For almost half a century my time and energies have been devoted to the design and manufacture of commercial and military aircraft; and, for approximately the last half of that period, our organization has also undertaken research and production of missiles, culminating in our present work in the highly technical field of space equipment.
In 1921 the Douglas Cloudster took to the air. None of us who watched our initial model's first flight would have predicted the Cloudster would be followed by scores of designs and variations that have rolled from our assembly lines ever since. Each succeeding model was built for a specific type of flight duty, and I believe it reasonable to say in all due modesty that all of them were well-designed and successful aircraft. .
A few of our designs attained some degree of fame, and one of them, the DC-3, has become almost legendary. It seems to go on forever. More than ten thousand of these transports were built, and several thousand remain in service today, representing a forty-year span of service. It is fairly safe to predict that a few of these hardy veterans will be flying at the half-century mark. .
There is a warm and permanent place in my affections and memories for this airplane, and an even warmer sense of respect for the airline operators, the technicians, and all the commercial and military pilots who have worked and lived with these ships in all corners of the world. To these men must go the largest measure of credit for the multiple exploits, the almost incredible ad ventures, and, even more important, the solid years of dependable and workaday accomplishment that combines to perpetuate the DC-3 legend. Donald W Douglas, (sr) .
During the last seven and one-half decades the world has seen literally thousands of different kinds of airplanes come and go. In this time, four big wars and scores of small ones have proven the airplane to be a valuable weapon. Between wars, the airplane has become an instrument of peace. It is now universally recognized that no more wars will be fought and no peace truly lasting without the airplane playing a dominant role as an instrument of power—either military or economy. In just the short span of a man's lifetime, the airplane has changed from a symbol of folly and daring to a symbol of strength and national vigour.
Of all the airplanes ever built that have contributed in some measure to aviation progress, there is one which has far sur-passed all others in faithful service, dependability, and achievement. It has been parked on the ramps of the world's air terminals for over forty years. It was born during the days of wooden propellers and is still flying as we pass from the jet age into an era of space flight. This book is about that airplane: its birth, its development, its adoption by the airlines and the military services, its uses in World War II, Korea and Vietnam, its conversion to civilian use after the wars, its innumerable feats as an angel of mercy, its employment as a jack-of-all-trades, and, finally, its future. .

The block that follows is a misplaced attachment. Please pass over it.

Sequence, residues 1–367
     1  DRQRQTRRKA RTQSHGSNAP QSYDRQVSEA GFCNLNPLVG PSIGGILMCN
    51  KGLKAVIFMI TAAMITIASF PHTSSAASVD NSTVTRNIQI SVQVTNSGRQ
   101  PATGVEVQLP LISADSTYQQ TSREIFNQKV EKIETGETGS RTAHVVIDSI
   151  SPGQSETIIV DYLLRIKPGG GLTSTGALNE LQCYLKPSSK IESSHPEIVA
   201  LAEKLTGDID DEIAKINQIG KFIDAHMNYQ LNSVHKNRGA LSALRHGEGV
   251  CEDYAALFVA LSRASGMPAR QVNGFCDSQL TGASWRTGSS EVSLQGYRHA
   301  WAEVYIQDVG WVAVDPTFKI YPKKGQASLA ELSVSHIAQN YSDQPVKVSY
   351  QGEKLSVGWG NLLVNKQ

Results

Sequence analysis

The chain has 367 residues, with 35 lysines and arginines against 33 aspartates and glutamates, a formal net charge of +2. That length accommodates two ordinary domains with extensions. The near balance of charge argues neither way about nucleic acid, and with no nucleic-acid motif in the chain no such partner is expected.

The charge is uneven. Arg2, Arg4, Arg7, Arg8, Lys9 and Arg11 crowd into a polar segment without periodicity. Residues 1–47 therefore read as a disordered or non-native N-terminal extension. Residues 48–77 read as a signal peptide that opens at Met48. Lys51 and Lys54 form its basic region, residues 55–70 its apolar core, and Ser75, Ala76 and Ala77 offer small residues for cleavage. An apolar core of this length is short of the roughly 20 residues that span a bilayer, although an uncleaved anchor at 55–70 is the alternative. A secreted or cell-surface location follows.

This fabulous airplane has earned many names, set many records and scored innumerable aviation "firsts." It has flown more miles, piled up more flying time, carried more cargo and passengers, and performed more "impossible" feats than any other winged craft in the world. .
The manufacturer called it the Skytrain and designated it the "DC-3." The airlines call it simply, "the Three." The U.S. Air Force called it the "C-47." The U.S. Navy called it the "R4D." The British called it the Dakota. But these are official names. The men who fly this extraordinary machine have other names for it. Airline pilots call it the "Dizzy Three." Civilian pilots and passengers have given it such names as "Old Methuselah," "Placid Flodder," and "Dowager Duchess.".
Today, however, pilots everywhere refer to it with great affection as the "Gooney Bird" after the albatross, whose great powers of flight and ubiquity are legendary. We fell in love with the Gooney Bird when we were still teen-agers, while watching it come and go at our local air-ports. We dreamed of the day when we might fly one of these magnificent, stately birds. The great day came for both of us when we won our wings as pilots in the U.S. Army Air Forces. We early formed an attachment for this ingenious collection of aluminium, rivets, wires and gadgets as much as anyone can become attached to an inanimate object. .
This plane, of all the planes we have flown, doesn't seem inanimate, somehow. It has a distinct personality, warmth, an identity, and even nobility that is unlike anything else man-made we know of. It is dependable, forgiving, attentive, gracious and benevolent. The plane was here when we both entered the service nearly four decades ago. It is still here as good as new now that we have ended our military careers. We have flown it for thousands of hours. We have had our moments of doubt, but we have always come home safely and full of gratitude for the qualities that have been built into the Grand Old Lady of the Skies. .
We hope we can convey to the reader in the pages that follow what a remarkable flying machine Mr. Douglas built. If so, we will have partially repaid the kindly Gooney Bird for the years of progress it has brought to the flying art and the many hours of pleasure we have had when it was in our hands. But let no man think this book is a eulogy for the deceased. The Gooney Bird is still in the prime of life, and will outlive us all. .
Credit: The Legendary DC-3 by Carroll V Glines & Wendell F Moseley – Bantam Air and Space series No 18 1979 .
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